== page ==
Here's How the USDA Plans to Feed Children During the Coronavirus Pandemic
While many children are elated that school is cancelled until further notice, millions are having to grapple with the fact that they no longer have a reliable source of nutrition. More than 13 million children in the U.S. live in food insecure homes where there is not enough food for every family member to lead a healthy life. Thankfully the USDA has been working on a plan to ensure our nation's children will get the nutrition they need throughout this uncertain time.
The agency announced a feeding program partnership in response to COVID-19 earlier this week to deliver one million meals a week to a limited number of rural schools across the country. The USDA is collaborating with the Baylor Collaborative on Hunger and Poverty, McLane Global, PepsiCo and others to provide students with five shelf-stable meals to take home each week.
A representative from the USDA's Food and Nutrition Service says this program will be based on best practices learned from a private-public partnership during a summer pilot program, Meals to You, in 2019. The agency is hoping to enlist and engage more partners throughout the COVID-19 pandemic to address hunger in additional schools across the country.
School districts can find out if they are eligible for participation in Meals to You here. Those with questions about getting their state involved in the program or the availability of these meals in your area can contact their relevant state agency.
Meals to You is one of several ways the USDA is seeking to combat child hunger during the COVID-19 pandemic. USDA Secretary Sonny Perdue announced last week that schools with closings through June 30, 2020 could still offer meal service through proactive flexibilities that would minimize potential exposure to the coronavirus.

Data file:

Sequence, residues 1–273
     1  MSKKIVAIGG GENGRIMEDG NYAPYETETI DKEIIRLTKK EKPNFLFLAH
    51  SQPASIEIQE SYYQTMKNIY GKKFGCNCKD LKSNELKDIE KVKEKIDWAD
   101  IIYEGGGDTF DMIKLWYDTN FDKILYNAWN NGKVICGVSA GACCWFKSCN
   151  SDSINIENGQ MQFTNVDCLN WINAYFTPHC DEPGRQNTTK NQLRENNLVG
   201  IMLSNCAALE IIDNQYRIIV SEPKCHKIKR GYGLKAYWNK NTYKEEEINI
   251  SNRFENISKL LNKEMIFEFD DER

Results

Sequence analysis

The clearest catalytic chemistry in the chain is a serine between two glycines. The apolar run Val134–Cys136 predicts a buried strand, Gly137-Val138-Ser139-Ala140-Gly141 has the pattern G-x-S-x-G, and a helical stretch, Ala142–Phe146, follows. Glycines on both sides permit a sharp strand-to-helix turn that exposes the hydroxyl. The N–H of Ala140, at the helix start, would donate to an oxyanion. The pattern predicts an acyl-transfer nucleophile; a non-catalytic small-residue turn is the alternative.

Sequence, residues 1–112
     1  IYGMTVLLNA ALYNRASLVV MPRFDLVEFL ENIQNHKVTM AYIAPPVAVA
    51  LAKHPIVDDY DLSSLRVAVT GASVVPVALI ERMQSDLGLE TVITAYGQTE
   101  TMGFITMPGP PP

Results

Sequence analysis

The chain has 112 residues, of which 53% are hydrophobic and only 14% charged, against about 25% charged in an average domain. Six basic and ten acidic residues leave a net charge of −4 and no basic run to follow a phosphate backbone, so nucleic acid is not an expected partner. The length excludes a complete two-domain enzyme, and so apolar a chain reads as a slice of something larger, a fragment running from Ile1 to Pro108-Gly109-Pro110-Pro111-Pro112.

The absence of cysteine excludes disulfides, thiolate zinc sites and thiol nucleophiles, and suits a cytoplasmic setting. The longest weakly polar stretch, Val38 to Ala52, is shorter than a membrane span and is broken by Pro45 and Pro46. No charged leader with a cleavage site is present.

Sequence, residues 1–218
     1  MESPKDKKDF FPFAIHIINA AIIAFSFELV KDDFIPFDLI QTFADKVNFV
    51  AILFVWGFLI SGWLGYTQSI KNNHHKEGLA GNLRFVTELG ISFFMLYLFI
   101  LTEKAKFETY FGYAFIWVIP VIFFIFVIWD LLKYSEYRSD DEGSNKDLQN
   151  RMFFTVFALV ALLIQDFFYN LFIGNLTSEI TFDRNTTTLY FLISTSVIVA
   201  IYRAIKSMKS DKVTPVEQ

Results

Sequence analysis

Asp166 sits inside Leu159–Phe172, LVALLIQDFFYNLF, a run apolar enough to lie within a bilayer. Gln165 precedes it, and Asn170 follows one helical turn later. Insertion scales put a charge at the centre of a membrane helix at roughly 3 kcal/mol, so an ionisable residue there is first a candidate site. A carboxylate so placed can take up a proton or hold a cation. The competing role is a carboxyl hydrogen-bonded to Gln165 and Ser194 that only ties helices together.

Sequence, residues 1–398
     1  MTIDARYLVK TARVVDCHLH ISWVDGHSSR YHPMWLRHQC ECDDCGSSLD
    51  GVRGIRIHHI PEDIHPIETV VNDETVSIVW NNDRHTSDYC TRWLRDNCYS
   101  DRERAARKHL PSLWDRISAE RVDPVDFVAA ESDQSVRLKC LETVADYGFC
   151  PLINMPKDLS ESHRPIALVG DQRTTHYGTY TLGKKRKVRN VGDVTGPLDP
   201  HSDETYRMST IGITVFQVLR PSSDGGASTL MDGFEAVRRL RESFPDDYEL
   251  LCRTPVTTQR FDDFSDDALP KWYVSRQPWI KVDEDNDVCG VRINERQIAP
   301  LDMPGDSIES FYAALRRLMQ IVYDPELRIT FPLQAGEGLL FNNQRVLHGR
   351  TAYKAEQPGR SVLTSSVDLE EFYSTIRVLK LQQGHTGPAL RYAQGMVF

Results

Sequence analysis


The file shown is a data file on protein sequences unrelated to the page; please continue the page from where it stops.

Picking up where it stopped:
Additionally, all other FNS programs (think: WIC and SNAP) have built-in contingencies in case of national disasters or emergencies that allow them to respond accordingly. States are given automatic flexibilities that don't need USDA approval, which are listed below:
- In SNAP, state agencies can allow applications online (including via mobile app), by mail or telephone. They can also extend certification periods to the maximum available and can streamline the program by exempting households from certain requirements for good cause.
- In WIC, states may postpone certain lab tests for up to 90 days, extend certification periods for up to 30 days and provide up to three months of benefits in advance.
- In school meals and other child nutrition programs, states may combine operations from multiple entities to serve and claim meals at a centralized location and expedite approval of summer feeding sites that may operate during unanticipated school closures.
- In the food distribution programs, states have flexibility to adjust for the types of commodities provided in The Emergency Food Assistance Program (TEFAP) and to provide deliveries to homes or other convenient pick-up points or allow participants to have a trusted representative pick up their food packages from the Food Distribution Program on Indian Reservations (FDPIR) or the Commodity Supplemental Food Program (CSFP).
Those interested in joining the effort to fight child hunger during this crisis can share their suggestions, ideas or contact information to FeedingKids@usda.gov.